Quality Counts / Raising the Bar
Getting beyond the notion that "anybody can teach"
By Dennis Van Roekel
April 8, 2011
Today I believe we’re on the cusp of major changes in public education. The impetus has been building from several directions. There are self-proclaimed “reformers” who believe our schools have largely failed, and who assign much of the blame to teachers. There are government and business leaders who realize that we must create a new education system for the 21st century. Then there are teachers and educators, yearning to uplift our profession in ways that will help us serve students better.
Change is underway — but we must make our choices wisely. Some people have criticized teachers’ unions for not offering positive solutions, and in the past that has too often been true. Now it’s time to quit arguing about the past and look toward the future. It’s time for everyone who cares about public education — including the NEA — to put our best ideas on the table.
There is widespread agreement that teacher quality is critical, so I think it makes sense to begin there. If we continue to browbeat teachers while allowing anyone to enter the profession, we’ll never end the disruptive churn that sees 45 percent of new teachers abandon the profession in their first five years — and we’ll never attract and retain the great teachers our kids need.
We must find a better way. Let’s start by recruiting the smartest people we can find, and giving them the best training and preparation anyone could imagine.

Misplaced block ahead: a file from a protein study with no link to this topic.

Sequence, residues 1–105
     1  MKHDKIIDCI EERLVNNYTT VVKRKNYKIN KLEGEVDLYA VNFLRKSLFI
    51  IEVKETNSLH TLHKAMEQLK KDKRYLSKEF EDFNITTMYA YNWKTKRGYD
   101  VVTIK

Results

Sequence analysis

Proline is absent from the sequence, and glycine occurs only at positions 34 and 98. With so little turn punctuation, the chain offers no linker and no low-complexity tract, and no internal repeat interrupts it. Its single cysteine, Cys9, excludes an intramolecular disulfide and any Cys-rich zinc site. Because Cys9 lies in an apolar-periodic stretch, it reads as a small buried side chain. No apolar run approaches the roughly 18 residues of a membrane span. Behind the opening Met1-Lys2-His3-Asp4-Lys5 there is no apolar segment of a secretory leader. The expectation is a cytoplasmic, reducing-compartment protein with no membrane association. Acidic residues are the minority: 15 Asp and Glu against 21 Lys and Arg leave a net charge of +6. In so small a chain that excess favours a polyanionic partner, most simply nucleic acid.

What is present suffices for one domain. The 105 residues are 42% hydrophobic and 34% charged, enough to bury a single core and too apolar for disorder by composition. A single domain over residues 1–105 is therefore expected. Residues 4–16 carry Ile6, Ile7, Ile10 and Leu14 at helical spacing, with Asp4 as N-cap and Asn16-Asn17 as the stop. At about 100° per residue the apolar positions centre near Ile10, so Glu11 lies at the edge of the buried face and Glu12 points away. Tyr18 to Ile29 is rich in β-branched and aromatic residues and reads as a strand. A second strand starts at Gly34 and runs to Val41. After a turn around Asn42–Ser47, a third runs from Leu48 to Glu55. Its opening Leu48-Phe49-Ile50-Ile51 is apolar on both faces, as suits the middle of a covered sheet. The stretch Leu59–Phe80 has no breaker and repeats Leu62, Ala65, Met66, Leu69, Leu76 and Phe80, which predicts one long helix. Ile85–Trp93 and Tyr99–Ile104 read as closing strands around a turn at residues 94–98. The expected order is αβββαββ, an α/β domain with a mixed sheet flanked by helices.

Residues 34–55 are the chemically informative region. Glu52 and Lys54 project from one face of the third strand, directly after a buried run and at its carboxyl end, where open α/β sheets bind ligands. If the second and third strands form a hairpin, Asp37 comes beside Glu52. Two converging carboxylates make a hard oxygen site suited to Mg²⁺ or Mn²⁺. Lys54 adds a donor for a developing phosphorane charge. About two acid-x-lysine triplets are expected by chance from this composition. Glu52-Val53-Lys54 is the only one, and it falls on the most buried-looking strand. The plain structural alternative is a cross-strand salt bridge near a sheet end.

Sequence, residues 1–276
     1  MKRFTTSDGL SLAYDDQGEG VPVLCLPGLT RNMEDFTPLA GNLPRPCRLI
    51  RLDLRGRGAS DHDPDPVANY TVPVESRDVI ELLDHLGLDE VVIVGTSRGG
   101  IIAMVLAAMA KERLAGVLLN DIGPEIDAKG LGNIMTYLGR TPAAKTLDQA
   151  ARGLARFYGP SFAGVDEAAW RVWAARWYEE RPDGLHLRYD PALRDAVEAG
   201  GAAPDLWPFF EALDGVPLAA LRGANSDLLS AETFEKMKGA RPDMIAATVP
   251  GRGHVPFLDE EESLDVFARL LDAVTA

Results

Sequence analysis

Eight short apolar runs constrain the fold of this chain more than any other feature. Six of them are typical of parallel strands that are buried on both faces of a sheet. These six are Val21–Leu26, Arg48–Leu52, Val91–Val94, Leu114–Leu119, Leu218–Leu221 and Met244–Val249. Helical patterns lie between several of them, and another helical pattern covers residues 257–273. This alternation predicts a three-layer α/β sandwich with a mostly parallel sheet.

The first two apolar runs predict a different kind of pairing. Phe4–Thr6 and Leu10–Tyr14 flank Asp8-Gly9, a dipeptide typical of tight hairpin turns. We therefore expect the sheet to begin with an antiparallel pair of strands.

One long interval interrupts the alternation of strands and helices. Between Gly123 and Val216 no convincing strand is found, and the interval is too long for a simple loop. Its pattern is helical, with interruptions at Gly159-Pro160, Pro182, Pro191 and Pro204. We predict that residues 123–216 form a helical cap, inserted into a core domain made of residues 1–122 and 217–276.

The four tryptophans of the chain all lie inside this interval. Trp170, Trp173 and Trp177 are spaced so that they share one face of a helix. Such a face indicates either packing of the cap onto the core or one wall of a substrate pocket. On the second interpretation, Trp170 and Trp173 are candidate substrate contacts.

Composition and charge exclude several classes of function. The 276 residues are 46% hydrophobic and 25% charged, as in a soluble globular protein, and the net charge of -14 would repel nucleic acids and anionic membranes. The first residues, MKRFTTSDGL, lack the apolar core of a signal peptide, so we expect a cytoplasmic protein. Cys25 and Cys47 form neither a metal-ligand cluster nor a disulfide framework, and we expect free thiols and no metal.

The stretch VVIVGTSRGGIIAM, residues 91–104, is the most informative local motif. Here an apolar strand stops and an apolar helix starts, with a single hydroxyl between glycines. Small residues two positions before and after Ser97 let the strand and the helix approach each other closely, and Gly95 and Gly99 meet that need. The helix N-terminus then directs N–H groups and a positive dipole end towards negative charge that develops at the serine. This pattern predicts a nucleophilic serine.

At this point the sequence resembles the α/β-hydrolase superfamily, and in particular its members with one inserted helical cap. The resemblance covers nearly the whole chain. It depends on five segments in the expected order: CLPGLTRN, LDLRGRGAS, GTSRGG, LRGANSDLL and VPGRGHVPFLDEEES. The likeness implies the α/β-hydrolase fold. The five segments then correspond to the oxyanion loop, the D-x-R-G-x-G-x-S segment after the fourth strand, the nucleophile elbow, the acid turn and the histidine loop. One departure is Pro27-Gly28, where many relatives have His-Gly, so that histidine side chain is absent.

I recently attended the first International Summit on the Teaching Profession, where I realized that some nations are already doing this. Finland, Canada and Singapore, which consistently outperform other nations in international student assessments, recruit many of their brightest students to teaching, then give them extensive training before they ever set foot in a classroom.
In the U.S., by contrast, there is a common belief that “anybody can teach.” Rather than help dispel this perception, too many colleges of education offer mediocre teacher preparation programs that lack academic rigor and frequently fail to provide adequate real-world, practical experience. Some new teachers are thrust into classrooms with almost no preparation whatsoever. They often wind up in schools where the poverty rate is high, and they usually don’t stay long.
The time has come for NEA to make a renewed commitment to teacher quality. Over the coming months I will talk about ways to raise the bar of entry to the profession and about providing teachers with better opportunities for improvement and professional growth. I know that our 3.2 million members will offer some great ideas about how we can strengthen our profession. And I will be considering the ideas of others who work in education, as well as policymakers and education leaders. I look forward to hearing from them and anyone else who cares about the future of public education.
Let’s do the math…
- There are 3,232,813 teachers in K-12 public schools. About 16 percent of these positions become vacant each year.
- Nearly one-quarter of school districts do not require new teachers to have certification for what they are teaching.
- In Finland, the average acceptance rate into schools of education is a mere 10 percent. Those who graduate at the top of their class are the only ones who can consider a career in education. It is the most competitive field, more so than medicine and law.
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